While there are currently over 1,100 clinical trials around the world searching for a vaccine that will be effective against the current coronavirus, some experts wonder if Americans will respond to the cure once it’s available.
Our track record for vaccinations is not encouraging. The Centers for Disease Control and Prevention (CDC) says that only 40 to 45 percent of U.S. adults received the flu vaccine in the past decade.
According to The Hill, the Congressional Research Committee says that individual states do have the right to mandate vaccinations and they have already exercised that right with children, allowing for a few exceptions — religious reasons, for example.
The Mayo Clinic states: “A vaccine to prevent coronavirus disease 2019 is perhaps the best hope for ending the pandemic.”
Lauren S. Grossman, assistant professor or emergency medicine at the University of Colorado School of Medicine told Stat News;
“To put this scourge behind us, I believe that our nation should, for the first time ever, require all Americans — or at least schoolchildren and workers in direct-contact jobs — to be vaccinated against the coronavirus.”
In the case of the current coronavirus, ending the epidemic could be a numbers game, requiring a lot of people to be vaccinated in order to contain the transmission of disease.
Merrill Matthew, in an opinion piece for The Hill, says that we need between 60 to 80 percent of the population inoculated against the virus to create what is called a “herd immunity.” That means there would be enough people who have either contracted the disease and recovered, or have been vaccinated to end the epidemic.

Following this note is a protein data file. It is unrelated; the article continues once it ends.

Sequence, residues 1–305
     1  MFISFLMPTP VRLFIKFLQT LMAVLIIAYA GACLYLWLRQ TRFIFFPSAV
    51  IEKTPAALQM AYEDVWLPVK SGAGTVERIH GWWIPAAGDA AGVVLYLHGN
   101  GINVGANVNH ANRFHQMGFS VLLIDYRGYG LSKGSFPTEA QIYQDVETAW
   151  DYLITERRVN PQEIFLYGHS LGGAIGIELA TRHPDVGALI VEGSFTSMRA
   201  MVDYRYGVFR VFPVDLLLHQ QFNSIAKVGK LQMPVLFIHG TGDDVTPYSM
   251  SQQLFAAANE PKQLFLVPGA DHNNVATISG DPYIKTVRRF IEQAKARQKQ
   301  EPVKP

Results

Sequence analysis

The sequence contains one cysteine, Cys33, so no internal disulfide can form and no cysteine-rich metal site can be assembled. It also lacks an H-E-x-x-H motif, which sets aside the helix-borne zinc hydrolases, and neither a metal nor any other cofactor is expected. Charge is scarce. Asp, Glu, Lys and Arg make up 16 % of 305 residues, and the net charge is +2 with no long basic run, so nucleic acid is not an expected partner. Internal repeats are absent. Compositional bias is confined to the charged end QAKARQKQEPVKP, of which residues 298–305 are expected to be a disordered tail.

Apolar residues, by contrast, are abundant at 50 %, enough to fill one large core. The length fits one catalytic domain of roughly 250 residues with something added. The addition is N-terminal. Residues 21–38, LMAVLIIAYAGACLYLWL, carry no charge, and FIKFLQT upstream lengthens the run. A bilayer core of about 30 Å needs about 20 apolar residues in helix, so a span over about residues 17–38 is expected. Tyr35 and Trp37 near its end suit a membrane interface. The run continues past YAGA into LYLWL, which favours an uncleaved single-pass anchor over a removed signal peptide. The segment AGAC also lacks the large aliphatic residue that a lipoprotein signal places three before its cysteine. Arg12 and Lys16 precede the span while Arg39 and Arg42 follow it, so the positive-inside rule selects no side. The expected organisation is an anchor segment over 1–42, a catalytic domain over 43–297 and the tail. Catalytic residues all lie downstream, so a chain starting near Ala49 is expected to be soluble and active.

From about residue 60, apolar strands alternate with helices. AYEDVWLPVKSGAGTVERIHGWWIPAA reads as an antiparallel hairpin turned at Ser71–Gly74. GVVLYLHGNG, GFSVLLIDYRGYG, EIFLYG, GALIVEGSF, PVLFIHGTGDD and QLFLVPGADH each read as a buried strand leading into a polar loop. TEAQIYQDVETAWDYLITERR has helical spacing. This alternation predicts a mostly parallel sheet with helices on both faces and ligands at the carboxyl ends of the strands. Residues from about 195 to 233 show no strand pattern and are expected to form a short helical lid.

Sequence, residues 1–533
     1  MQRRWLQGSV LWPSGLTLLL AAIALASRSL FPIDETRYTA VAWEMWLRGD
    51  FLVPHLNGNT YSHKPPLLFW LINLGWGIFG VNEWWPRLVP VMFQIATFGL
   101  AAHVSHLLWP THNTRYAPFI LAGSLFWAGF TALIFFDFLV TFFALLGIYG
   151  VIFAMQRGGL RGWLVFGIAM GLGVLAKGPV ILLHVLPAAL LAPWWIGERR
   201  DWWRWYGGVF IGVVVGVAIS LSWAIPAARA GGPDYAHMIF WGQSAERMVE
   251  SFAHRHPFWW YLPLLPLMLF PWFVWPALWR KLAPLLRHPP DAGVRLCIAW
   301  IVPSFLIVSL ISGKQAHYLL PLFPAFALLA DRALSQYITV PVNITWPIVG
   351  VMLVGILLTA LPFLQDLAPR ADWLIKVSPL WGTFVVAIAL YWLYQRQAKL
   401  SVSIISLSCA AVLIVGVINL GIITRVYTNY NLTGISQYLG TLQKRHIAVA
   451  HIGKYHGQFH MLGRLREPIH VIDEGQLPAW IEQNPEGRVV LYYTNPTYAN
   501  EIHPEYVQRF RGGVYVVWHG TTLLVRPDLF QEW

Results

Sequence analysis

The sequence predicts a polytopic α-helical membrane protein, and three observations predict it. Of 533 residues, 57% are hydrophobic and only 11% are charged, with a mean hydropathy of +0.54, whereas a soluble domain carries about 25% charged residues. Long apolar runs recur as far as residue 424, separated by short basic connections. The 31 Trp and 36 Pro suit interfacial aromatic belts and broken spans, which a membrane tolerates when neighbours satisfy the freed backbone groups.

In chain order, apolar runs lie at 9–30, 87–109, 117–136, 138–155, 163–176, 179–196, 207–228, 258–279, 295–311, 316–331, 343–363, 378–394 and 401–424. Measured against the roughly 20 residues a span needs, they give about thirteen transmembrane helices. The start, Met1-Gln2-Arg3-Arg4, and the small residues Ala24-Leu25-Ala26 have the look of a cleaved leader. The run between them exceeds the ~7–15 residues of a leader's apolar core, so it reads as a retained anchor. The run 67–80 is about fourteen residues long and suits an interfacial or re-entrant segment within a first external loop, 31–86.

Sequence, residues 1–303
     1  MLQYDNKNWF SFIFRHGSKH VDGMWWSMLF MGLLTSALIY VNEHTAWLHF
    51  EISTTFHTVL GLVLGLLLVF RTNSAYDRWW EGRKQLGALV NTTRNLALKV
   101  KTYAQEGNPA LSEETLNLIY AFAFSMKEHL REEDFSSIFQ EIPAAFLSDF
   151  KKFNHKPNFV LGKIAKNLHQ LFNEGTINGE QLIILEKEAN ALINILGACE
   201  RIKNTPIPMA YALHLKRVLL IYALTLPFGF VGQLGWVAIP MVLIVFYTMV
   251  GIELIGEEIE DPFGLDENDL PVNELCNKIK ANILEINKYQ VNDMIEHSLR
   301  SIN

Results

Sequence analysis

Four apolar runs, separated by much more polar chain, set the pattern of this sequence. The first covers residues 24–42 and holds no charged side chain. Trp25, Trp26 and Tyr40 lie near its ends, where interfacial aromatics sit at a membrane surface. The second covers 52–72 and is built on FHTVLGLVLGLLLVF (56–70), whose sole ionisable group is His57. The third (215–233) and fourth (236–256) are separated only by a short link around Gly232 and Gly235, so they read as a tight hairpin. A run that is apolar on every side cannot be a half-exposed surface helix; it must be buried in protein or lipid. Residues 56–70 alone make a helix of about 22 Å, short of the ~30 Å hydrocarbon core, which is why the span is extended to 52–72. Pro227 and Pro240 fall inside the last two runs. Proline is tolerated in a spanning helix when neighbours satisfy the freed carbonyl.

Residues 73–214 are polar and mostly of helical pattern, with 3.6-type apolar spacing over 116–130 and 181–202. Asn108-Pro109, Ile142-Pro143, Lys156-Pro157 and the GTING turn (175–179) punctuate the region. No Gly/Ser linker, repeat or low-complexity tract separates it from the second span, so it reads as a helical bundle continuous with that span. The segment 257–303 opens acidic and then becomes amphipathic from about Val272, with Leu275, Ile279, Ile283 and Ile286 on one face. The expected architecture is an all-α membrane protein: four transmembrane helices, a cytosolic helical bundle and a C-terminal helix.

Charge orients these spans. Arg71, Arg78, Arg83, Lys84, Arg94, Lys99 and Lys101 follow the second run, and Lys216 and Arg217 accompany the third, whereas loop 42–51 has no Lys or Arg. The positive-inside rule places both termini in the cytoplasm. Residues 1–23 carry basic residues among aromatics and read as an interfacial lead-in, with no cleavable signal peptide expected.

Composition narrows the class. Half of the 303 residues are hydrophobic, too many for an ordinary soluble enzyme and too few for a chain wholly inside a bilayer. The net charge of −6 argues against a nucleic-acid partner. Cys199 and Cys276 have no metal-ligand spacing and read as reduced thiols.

“If the COVID-19 vaccination rate is low, will the federal, or more likely the state governments step up in and mandate vaccination?” Matthew asked.
Attorney Alan Dershowitz confirmed that the state has the power to vaccinate people in order to prevent the spread of a contagious disease, according to Newsmax.
“Let me put it very clearly, you have no constitutional right to endanger the public and spread the disease, even if you disagree. You have no right not to be vaccinated, you have no right not to wear a mask, you have no right to open your business,” he said.
“And if you refuse to be vaccinated, the state has the power to literally take you to a doctor’s office and plunge a needle into your arm,” he added.
Matthew suggested that another avenue to stave off the virus is to find an effective treatment as well as a cure. Tamiflu, he pointed out, doesn’t cure the flu but reduces the severity of symptoms.
“Having an effective treatment wouldn’t eliminate the need for an effective vaccine. It would simply mean that those who weren’t vaccinated would still have the opportunity to reduce the symptoms and return tot their normal lives sooner,” he said.
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